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 Civic Duty
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Aug
8
comment Is there a term for joyriding without stealing a car or endangering myself?
You may want to qualify your first sentence's first clause with "in the UK", since the distinction relies on an oddity of UK law. This would not be a meaningful distinction in, say, Canada, especially not regarding which word to use to describe the driving.
Jul
1
comment Word/phrase that means a series of problems of increasing severity caused by a small error
A situation “snowballing out of control” is a derived phrase that fits well, and may be worth mentioning in the answer.
Jun
30
comment An old car in bad condition
Your examples are adjectives; lots of answers have suggested nouns. Could you clarify if nouns are also acceptable, or do you require an adjective? Additionally, is slang appropriate for your intended use, or should slang be avoided?
Jun
27
comment When should I use “a” vs “an”?
@Charlie It's a phonological process that just happens to have gotten encoded in the orthography.
May
28
awarded  Civic Duty
Apr
23
comment Word for 'possessing large gravity well'?
@Cerberus Certainly! While one is driving in an autokinetic and feeling claustrotimorous about encroaching hybrid Latin-Greek words, we should certainly condemn the hyperenergotic imaginations that create such abominations! (Or we can just accept that they're actually pretty normal parts of English... Though, I do like the sound of supergravitational quite a lot.)
Apr
20
awarded  Nice Answer
Apr
18
revised What is a good word for all sentient races?
change to suit site formatting conventions
Apr
18
answered What is a good word for all sentient races?
Feb
25
comment Is there a parallel to defenestration — for buses?
The trouble is, "voiture omnibus" hasn't been used to mean English bus since the 19th century, and then only for a brief period of time measured in months. It's an interesting etymological footnote, but voiture is the wrong half of the etymological origin of bus — our word came from latin omnibus, as illogical as that is at the semantic level.
Feb
25
comment Is there a parallel to defenestration — for buses?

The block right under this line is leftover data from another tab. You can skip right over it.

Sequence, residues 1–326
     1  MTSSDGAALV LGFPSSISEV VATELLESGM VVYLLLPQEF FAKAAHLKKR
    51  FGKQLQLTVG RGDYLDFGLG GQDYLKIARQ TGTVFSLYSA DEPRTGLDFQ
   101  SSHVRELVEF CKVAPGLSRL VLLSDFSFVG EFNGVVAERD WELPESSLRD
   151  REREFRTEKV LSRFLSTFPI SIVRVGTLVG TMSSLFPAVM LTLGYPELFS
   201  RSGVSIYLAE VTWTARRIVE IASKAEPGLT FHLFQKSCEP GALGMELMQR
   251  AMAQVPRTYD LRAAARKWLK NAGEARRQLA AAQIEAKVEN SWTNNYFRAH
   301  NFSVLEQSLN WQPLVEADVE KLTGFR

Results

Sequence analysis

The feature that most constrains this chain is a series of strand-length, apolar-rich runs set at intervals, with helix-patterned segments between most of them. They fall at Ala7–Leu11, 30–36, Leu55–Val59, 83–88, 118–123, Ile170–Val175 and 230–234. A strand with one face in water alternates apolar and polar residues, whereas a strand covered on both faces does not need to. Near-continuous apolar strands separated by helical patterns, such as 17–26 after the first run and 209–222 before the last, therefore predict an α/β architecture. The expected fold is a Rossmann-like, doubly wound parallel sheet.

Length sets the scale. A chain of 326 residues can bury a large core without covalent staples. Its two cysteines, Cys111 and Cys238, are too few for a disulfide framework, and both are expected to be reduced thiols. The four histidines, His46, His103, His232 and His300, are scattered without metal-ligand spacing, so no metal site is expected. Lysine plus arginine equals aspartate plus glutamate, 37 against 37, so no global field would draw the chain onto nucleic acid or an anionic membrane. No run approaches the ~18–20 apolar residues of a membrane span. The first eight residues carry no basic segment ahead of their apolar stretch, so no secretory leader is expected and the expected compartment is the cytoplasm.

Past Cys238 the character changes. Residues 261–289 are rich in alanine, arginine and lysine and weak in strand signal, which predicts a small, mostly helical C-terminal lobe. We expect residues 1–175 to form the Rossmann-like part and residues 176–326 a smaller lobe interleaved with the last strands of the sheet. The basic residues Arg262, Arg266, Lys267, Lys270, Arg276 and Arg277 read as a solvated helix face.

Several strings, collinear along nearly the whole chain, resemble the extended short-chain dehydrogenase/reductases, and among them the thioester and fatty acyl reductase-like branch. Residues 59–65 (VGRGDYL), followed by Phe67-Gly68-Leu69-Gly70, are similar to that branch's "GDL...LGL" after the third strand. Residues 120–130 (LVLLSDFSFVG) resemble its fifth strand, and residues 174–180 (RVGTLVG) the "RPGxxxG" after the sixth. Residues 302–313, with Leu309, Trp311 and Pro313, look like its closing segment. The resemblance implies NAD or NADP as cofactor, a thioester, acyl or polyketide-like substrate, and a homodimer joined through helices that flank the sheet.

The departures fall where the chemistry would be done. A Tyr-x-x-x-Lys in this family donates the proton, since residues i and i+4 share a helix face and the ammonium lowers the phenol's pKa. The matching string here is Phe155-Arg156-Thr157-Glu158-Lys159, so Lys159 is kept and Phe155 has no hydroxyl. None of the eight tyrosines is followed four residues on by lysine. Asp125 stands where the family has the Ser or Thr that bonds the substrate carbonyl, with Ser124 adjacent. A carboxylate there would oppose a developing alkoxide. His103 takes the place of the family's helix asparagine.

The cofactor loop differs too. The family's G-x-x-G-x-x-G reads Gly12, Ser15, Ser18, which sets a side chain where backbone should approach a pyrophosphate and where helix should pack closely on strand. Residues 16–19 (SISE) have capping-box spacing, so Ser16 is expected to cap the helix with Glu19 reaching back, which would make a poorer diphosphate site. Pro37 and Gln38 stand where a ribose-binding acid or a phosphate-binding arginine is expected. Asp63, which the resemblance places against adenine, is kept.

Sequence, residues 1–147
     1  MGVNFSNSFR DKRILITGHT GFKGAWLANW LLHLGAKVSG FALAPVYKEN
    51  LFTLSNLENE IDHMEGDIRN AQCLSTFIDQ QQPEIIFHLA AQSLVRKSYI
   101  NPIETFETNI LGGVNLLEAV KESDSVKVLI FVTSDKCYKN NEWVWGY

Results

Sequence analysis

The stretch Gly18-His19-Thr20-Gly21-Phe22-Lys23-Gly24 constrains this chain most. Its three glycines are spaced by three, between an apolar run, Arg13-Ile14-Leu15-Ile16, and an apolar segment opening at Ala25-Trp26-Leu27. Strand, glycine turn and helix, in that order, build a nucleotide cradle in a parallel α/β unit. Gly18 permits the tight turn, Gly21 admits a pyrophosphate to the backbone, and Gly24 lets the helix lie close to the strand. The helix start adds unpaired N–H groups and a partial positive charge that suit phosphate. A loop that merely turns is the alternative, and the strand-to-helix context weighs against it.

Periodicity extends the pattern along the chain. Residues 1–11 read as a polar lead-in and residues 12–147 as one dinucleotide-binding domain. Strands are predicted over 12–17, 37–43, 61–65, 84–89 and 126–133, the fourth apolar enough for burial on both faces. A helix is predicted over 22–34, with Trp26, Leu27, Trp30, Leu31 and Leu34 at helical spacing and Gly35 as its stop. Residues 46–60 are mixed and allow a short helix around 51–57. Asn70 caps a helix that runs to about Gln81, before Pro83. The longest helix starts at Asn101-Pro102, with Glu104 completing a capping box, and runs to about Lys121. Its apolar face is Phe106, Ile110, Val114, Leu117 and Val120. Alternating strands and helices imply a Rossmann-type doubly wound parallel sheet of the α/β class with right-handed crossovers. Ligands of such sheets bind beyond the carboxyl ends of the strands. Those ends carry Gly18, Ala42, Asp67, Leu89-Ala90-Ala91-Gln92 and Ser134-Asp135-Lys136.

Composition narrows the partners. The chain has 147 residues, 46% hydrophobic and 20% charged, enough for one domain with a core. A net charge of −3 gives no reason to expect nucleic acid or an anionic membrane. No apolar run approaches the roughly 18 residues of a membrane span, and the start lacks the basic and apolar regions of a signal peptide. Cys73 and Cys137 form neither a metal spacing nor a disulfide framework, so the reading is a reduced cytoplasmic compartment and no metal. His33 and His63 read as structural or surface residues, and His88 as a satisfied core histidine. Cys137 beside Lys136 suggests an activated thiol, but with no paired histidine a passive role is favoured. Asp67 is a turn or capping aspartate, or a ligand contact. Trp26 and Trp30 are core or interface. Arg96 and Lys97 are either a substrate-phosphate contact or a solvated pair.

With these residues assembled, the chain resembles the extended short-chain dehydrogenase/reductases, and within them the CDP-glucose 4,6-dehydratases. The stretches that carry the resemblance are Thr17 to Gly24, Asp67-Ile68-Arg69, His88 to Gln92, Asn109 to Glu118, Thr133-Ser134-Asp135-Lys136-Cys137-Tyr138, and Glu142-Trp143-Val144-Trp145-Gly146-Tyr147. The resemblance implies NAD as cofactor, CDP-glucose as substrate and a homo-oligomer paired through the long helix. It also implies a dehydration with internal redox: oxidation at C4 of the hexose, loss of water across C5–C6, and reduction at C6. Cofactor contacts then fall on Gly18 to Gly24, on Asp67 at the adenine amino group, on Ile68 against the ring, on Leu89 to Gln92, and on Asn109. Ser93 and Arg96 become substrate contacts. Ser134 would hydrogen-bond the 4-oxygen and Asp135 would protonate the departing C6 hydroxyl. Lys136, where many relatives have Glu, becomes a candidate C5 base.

It's a stretch, since voiture excludes buses. This is unlike fenestre, which does not include some windows but not others. Since this is specifically for buses, a morpheme that excludes buses isn't ideal. I do like the approach though. Speaking French myself though, subvoiturate looks silly (in the wrong way).
Feb
25
comment Is there a parallel to defenestration — for buses?
Problem: in current day-to-day French voiture just means "car" (in the broad "multi-person private vehicle" sense of car in English), making those in the know read subvoiturate as meaning "throw under the... car?" This is unlike defenestrate, which those in the know can read and understand directly. I like this approach, but "voiture" just doesn't carry the weight being asked of it here.
Feb
25
comment Is there a parallel to defenestration — for buses?
Latin plaustrum ("wagon") might suit better than the word for chariot.
Feb
20
comment Are there many -tion words that sound like 'vision'?
It's a sonorisation process, changing it from [ʃ] to [ʒ], but I can't really see what is conditioning the change...
Dec
25
awarded  Nice Answer
Dec
1
comment Is there a derogatory word for “mobile phone” (cellphone) similar to “idiot box” for a television?
Any evidence of currency?
Nov
19
comment How can I describe a low temperature that doesn't actually feel cold?
The OP is specifically asking for something that has currency and isn't resting on poetic license.
Nov
19
comment How can I describe a low temperature that doesn't actually feel cold?
@AE It means the same 'round here, but both meanings have currency here.
Nov
19
revised Is “Me neither” incorrect?
update formatting convention
Nov
19
suggested approved edit on Is “Me neither” incorrect?